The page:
All About Chanterelles

chanterelles_1.jpg Fresh chanterelles are my favorite mushroom. Sure I enjoy porcini and I certainly wouldn't pass up a truffle white or black if it crossed my plate. But there is something about chanterelles that appeals to me the most.

They are so very unique. First of all they are beautiful to look at, golden and trumpet shaped. Not a true gilled mushroom, the underside of the cap has rounded gill-like ridges or veins that branch irregularly so their texture when cooked is velvety and tender.

They cook up like an oyster mushroom unlike common button mushrooms, which are often crumbly when raw or wet and juicy when cooked.

Flavor-wise chanterelles are delicate and almost fruity tasting, nothing like the earthy meaty taste of a portabello for instance. Some have compared the scent of chanterelles to apricots. They smell and taste more like a flower then a mushroom.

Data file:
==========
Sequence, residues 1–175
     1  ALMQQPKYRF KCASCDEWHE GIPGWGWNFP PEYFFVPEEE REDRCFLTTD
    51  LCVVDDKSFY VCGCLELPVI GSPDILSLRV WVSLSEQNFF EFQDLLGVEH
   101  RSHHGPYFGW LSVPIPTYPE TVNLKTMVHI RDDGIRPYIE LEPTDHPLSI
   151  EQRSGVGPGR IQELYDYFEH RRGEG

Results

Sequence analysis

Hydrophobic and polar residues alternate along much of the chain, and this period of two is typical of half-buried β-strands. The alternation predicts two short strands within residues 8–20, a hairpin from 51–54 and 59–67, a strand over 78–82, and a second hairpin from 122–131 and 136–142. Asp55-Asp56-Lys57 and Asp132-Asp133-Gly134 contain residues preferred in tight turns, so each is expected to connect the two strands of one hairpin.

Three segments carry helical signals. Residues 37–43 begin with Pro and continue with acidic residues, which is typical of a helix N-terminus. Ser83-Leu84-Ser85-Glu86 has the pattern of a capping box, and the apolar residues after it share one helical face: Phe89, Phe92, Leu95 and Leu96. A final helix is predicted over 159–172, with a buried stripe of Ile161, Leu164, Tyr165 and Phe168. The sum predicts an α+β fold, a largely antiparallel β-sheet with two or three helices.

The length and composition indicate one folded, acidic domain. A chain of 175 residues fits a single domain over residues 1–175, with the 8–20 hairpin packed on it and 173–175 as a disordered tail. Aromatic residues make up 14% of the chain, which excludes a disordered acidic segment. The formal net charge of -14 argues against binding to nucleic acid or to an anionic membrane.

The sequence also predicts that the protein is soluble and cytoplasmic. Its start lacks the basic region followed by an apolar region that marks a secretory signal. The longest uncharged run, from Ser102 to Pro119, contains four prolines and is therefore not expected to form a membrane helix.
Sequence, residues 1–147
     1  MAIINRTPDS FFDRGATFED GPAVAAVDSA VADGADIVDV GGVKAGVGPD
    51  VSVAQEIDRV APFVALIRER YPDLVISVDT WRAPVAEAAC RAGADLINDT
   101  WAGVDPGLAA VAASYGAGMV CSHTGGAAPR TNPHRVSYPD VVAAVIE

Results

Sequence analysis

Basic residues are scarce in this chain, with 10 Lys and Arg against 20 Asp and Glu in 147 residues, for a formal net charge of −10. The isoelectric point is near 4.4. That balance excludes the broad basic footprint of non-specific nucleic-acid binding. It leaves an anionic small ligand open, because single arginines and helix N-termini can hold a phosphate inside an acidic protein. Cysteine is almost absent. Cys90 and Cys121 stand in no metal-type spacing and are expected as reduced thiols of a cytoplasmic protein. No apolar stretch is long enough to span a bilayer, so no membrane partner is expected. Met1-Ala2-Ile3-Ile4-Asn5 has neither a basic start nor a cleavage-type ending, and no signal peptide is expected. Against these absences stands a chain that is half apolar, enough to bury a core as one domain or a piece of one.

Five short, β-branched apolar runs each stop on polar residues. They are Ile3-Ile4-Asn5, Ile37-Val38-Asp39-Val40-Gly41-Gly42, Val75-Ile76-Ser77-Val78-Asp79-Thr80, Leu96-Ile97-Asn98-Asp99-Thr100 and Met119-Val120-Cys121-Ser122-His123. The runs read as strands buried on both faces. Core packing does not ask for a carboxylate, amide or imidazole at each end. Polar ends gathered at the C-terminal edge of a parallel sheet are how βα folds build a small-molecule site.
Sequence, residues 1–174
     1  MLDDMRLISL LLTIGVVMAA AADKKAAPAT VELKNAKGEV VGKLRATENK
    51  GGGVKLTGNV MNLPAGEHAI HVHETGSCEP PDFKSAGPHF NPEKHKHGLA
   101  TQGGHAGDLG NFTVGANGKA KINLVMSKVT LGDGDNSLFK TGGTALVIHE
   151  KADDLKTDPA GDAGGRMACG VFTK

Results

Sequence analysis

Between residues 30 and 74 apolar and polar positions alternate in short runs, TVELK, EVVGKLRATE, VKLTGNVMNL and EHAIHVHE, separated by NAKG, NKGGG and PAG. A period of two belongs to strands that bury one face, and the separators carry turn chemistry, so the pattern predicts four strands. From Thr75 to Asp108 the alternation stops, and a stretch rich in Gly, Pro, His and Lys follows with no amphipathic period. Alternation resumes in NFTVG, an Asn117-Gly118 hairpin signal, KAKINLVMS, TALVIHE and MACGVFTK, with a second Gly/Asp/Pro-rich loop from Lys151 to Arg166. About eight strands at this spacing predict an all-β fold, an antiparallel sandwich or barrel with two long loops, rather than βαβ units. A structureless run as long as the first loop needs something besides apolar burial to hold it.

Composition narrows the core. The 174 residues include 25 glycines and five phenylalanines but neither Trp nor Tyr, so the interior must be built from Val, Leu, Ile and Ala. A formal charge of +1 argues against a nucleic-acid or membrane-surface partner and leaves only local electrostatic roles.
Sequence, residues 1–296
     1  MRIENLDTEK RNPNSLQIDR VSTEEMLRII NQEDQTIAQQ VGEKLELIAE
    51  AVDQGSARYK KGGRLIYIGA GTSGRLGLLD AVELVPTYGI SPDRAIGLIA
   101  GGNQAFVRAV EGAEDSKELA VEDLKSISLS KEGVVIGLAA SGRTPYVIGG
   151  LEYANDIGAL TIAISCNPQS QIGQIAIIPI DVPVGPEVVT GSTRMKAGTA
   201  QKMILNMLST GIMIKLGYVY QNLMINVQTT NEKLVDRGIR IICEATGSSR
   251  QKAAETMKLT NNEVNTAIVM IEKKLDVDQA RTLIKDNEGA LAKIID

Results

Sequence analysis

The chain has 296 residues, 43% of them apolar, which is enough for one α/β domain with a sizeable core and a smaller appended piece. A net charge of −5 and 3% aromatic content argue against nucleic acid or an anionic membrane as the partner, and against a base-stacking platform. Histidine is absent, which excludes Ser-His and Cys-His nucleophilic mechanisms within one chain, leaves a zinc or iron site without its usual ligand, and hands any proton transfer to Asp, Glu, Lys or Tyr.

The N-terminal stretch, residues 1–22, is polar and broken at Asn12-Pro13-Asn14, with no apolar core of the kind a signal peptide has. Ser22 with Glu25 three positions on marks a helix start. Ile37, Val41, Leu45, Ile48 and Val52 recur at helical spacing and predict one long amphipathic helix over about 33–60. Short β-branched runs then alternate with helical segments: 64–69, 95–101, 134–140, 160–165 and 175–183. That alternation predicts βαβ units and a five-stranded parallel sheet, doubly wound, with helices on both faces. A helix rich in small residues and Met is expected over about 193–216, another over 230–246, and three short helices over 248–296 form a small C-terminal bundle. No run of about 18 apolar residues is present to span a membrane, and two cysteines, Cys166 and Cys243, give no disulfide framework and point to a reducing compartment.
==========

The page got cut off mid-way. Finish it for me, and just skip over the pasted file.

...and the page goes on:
Divine when prepared simply and served on their own, chanterelles combine well with almost every other kind of mushroom too. This past week I made a delicious woodsy stew of bacon, chicken, potatoes, onions, garlic, carrots, dried porcini mushrooms and fresh chanterelles. Buy and use them while they are in season in the fall and winter (or early spring depending upon what region of the country you live in) like other mushrooms they need moist earth to grow and flourish.

Here are some suggestions for using your fresh mushrooms:

*Saute in butter and garlic and serve on toast

*Serve as a garnish for grilled pork chops

*Saute and use as a filling for a French omelette

*Saute with chicken and make a cream sauce from the pan drippings

*Make a stew of mushrooms, onions, and chicken

*Bake in parchment with either a filet of fish or scallops

*Serve as a side dish with a mild vegetable such as pan cooked green beans


Amy Sherman is a San Francisco–based writer, recipe developer, restaurant reviewer and all around culinary enthusiast. She blogs for Epicurious , Bay Area Bites and Cooking with Amy